The interpretation that a substitute could work in an organisation continuously for a maximum of one year is ambiguous and incompatible with the structures of service production in wellbeing services counties. The guidance does not take a stand on whether the entire wellbeing services county should be considered as one organisation or whether it refers to, for example, a single service area or service line.

A new employee’s induction and familiarisation with clients is a process that takes several months. If a qualified social worker cannot be hired for an open position and the contract of the substitute who has held the post cannot be renewed, it will compromise the continuity of client relationships and be detrimental to clients.

Conflicting instructions of supervisory authorities on the subject found confusing

Supervisory authorities themselves have interpreted the guidance in very different ways. The Regional State Administrative Agency of Southern Finland adopted a decision on a complaint filed by the Western Uusimaa Wellbeing Services County concerning the management of the substitution of a social worker (ESAVI/15530/2020).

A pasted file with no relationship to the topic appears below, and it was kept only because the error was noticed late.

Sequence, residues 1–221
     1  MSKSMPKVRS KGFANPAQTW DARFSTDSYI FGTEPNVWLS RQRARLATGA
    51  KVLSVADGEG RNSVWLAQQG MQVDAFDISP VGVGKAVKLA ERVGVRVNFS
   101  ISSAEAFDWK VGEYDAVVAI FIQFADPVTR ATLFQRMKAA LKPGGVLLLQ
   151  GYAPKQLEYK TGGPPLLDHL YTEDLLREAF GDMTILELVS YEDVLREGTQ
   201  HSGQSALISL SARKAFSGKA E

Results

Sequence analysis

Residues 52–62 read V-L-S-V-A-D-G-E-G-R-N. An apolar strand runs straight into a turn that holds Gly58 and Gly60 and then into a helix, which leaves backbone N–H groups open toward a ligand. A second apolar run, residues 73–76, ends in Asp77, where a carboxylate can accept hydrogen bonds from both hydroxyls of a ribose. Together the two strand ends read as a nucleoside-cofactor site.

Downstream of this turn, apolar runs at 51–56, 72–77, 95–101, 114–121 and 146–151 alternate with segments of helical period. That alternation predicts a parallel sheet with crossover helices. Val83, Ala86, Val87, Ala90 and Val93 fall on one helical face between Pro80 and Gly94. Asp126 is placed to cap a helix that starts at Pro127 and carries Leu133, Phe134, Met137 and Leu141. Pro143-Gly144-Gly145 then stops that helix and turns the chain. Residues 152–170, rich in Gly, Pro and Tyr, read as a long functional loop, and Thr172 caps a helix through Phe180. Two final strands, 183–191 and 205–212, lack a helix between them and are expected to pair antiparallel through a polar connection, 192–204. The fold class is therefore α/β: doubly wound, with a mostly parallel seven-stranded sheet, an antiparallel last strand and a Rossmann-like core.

The decision states as follows:

“Although legislation is unambiguous on the length of time that a temporary social worker is eligible to fill a social worker’s post, the Regional State Administrative Agency notes that, at the moment, legal interpretation is unclear in a situation where the attempts to recruit a qualified social worker have failed and the temporary social worker who previously filled the post is prepared to continue in the position. [–] In such a situation, the continuation of the temporary social worker in the position may be the solution most in the best interest of children, when the recruitment has been conducted in an open process. The Regional State Administrative Agency emphasises that the guidance of a temporary social worker must de facto take place in such a way that the qualified appointed mentor of the temporary social worker participates in assessments in person at all stages of the client process.”


Mari Ahlström
Service Area Director
Western Uusimaa Wellbeing Services County

Hanna Kaunisto
Director of Social Work
Wellbeing Services County East Uusimaa

Hanna Mikkonen
Executive Director of Children, Youth and Family Services
Wellbeing Services County of Vantaa and Kerava

Titta Pelttari
Service Line Director
Wellbeing Services County of Pirkanmaa

Suvi Salin
Acting Service Director
Wellbeing Services County of Central Uusimaa

Maarit Sulavuori
Director of Family and Social Services
City of Helsinki

Kati Villgren
Service Line Director
Western Uusimaa Wellbeing Services County